Breast Implant Associated Anaplastic Large-Cell Lymphoma (BIA-ALCL) is extremely rare and treatable T-cell lymphoma, not breast cancer. There appears to be an increased risk of developing BIA-ALCL in women with breast implants, requiring further investigation. It has been noted that most reported incidences are women who have textured implants. To the best of our knowledge, at this point the lifetime risk of developing BIA-ALCL is approximately 1:30,000 in the United States. While there appears to be evidence of a correlation between the two, it is important to note that ALCL is associated with all implants, including dental.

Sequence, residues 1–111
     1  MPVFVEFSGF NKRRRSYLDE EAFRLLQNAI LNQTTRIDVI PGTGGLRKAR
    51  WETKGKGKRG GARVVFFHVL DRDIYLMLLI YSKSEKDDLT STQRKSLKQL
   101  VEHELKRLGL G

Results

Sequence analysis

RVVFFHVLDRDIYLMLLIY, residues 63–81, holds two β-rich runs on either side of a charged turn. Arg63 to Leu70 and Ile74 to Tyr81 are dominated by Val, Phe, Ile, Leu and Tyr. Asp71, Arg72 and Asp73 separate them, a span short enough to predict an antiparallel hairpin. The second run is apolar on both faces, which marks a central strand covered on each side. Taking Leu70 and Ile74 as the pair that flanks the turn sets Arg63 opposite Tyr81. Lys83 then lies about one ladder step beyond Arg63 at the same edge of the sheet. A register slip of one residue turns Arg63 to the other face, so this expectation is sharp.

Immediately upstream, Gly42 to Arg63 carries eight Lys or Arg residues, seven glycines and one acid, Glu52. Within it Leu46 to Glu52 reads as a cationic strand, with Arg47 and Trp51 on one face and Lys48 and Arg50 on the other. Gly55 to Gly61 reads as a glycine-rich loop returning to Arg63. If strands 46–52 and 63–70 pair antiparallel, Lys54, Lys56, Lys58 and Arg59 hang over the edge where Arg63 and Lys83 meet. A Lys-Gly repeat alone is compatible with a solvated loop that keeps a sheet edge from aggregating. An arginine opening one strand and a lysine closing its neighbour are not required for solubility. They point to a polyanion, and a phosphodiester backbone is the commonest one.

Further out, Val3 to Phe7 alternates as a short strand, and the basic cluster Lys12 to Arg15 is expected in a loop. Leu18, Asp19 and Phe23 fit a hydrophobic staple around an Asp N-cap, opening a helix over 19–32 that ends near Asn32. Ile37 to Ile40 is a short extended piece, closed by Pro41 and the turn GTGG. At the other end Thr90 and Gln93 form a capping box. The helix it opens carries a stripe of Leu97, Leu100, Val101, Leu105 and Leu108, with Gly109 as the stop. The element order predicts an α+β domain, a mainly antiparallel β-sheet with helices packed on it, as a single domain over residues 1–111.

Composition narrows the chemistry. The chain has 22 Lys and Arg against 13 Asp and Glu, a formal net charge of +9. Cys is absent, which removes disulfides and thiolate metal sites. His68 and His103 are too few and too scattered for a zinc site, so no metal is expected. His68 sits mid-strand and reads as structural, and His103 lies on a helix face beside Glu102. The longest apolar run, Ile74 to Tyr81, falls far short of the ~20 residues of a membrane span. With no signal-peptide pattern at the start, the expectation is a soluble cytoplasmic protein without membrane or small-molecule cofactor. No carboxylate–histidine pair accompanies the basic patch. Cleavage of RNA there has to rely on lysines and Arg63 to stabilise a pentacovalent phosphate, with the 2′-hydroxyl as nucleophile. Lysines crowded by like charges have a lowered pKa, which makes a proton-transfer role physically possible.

Currently there is insufficient data to determine the cause of women developing BIA-ALCL. However, the American Society of Plastic Surgery and the Food and Drug Administration have been working together since 2012 to identify, gather and analyze data of women with breast implants that have been diagnosed with ALCL to determine how to prevent and treat this disease. Patients that present with late onset, persistent seroma, capsular contractures or masses next to the implant should be tested with CD30 immunohistochemistry.